Coincidentally, the Nats have been using their starters as relievers this October. Like with the 2017 Astros and last year’s Red Sox, it was out of necessity, but it’s been working. Scherzer has thrown one key inning in relief, striking out all three Dodgers he faced in Game 2 of the NLDS. Strasburg threw three shutout innings in the Wild Card Game against the Brewers, limiting Milwaukee to two hits while striking out four. Corbin has been the starter getting the most play in relief, and besides one hiccup against the Dodgers, things have gone well. Against the Astros’ offense, there will be more opportunities to relieve for all three of the Nats’ best starters.
The teams’ pitching-friendly approach isn’t all they have in common, and in many ways the 2019 World Series is an extension of the major narratives running through baseball lately. The Nationals are either right over the luxury tax or right below it: we won’t know how close the estimates are until MLB reports on the figures after the postseason is over. Their owner, Ted Lerner, does not want to be over the threshold: that, plus the non-ignorable existence of star youngster Juan Soto, is why the team failed to retain Bryce Harper this past winter. The Nats’ attitude towards spending matters in both the present and the future. Keeping this team together might require going over the tax in 2020: retaining star third baseman and pending free agent Anthony Rendon isn’t going to be cheap, and replacing him won’t be simple, either.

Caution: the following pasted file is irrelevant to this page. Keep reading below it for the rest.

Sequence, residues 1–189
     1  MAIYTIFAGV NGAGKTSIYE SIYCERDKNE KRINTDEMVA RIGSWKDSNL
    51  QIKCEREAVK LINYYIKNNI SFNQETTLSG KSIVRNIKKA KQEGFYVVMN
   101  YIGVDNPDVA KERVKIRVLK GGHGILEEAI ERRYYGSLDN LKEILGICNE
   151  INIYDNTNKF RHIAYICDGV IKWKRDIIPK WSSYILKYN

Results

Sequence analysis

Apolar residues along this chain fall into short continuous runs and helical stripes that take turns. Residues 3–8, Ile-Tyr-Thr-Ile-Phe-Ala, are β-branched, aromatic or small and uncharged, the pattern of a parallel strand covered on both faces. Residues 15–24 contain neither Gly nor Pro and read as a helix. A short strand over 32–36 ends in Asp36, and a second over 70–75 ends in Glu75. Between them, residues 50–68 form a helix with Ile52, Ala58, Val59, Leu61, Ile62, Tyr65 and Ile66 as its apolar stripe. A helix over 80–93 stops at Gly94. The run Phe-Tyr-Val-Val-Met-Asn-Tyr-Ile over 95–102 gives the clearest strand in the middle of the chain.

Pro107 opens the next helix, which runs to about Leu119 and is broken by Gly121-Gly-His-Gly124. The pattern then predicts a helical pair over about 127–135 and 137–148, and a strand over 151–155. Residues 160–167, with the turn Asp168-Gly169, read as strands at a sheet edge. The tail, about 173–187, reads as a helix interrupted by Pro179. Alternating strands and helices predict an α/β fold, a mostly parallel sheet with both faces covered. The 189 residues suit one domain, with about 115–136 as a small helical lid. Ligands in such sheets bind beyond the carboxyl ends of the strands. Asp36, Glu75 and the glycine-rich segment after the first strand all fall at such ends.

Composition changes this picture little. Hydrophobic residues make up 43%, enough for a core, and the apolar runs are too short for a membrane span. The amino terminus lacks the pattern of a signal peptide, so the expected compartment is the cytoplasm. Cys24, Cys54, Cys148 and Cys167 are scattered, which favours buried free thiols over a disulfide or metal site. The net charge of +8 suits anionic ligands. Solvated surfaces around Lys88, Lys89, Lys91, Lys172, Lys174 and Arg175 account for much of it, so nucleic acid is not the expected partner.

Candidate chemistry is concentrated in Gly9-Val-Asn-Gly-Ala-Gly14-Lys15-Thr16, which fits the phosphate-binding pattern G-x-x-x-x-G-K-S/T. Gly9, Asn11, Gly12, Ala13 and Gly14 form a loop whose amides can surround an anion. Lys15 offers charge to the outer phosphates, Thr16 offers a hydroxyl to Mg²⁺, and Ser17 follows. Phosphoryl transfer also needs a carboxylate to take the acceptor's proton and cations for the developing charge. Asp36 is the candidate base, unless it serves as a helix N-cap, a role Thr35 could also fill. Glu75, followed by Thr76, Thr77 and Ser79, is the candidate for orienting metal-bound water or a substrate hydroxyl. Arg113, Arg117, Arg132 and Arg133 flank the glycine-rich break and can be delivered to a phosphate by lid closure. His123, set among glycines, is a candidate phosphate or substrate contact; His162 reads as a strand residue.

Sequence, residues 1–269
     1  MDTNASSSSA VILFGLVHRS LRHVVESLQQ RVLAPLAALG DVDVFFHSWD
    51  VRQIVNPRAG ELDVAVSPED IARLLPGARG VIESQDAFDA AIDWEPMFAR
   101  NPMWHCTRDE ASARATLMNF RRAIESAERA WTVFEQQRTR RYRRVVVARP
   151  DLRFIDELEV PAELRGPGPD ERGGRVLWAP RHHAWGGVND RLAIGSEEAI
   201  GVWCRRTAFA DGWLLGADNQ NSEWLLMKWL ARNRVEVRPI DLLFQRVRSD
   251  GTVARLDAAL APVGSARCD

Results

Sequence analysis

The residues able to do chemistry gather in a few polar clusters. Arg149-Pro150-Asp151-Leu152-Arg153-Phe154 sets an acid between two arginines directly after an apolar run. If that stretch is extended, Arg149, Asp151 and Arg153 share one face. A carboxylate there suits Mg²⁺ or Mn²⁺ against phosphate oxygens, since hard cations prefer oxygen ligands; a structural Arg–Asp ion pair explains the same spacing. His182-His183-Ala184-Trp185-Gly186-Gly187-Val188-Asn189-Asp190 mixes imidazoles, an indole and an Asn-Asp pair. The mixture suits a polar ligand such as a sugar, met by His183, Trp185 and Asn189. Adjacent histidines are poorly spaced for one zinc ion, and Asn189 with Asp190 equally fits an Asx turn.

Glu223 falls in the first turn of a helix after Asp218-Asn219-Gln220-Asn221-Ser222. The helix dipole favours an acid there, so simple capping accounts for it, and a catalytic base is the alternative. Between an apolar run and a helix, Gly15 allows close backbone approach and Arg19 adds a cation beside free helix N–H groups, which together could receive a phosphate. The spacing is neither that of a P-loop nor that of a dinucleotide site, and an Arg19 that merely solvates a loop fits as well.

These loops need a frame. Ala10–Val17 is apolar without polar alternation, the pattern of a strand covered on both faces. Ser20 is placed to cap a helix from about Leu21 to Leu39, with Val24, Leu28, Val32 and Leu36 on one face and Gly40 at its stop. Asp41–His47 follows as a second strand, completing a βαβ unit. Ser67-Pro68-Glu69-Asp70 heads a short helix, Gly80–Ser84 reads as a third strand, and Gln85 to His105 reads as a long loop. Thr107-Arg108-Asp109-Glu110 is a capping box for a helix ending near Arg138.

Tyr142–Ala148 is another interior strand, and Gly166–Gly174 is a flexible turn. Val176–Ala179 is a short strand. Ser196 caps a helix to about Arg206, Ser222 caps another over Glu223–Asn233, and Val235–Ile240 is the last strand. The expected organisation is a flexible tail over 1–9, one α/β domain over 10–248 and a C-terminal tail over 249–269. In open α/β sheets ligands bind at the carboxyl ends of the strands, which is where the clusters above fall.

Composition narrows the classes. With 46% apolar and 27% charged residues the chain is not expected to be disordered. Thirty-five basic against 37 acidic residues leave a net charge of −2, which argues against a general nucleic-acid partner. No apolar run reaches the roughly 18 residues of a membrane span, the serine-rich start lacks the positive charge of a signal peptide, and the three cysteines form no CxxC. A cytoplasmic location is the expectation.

The same can be said for the Astros. Jim Crane, has already implied that keeping inevitable Cy Young winner and pending free agent Gerrit Cole around isn’t in the cards for Houston. It’s not just Cole, though: thanks to arbitration raises around the team, the Astros are going to be over the luxury tax threshold of $208 million in 2020 unless they shed salary. There are ways to do that, for sure, but to shed as much as they would need to stay completely free of the luxury tax might not be painless, given their free agents include vital pieces like Cole the aforementioned Harris. Baseball’s overall spending habits have changed, and gone are the days in which championship teams would be kept intact with money no object.
Is this World Series pairing a matchup between two teams attempting to win now before their players get too expensive? For the Nationals, it’s not every year you can pair homegrown talent like Soto and Rendon with a refurbished Sánchez, a 35-year-old Howie Kendrick playing like he’s 10 years younger, while getting peak performances from Strasburg and Corbin. Scherzer isn’t getting any younger, and the 2019 Red Sox are a terrifying reminder that even the best of rotations can fall to injury. Everything was in place for the Nationals to make a run in 2019. What about 2020?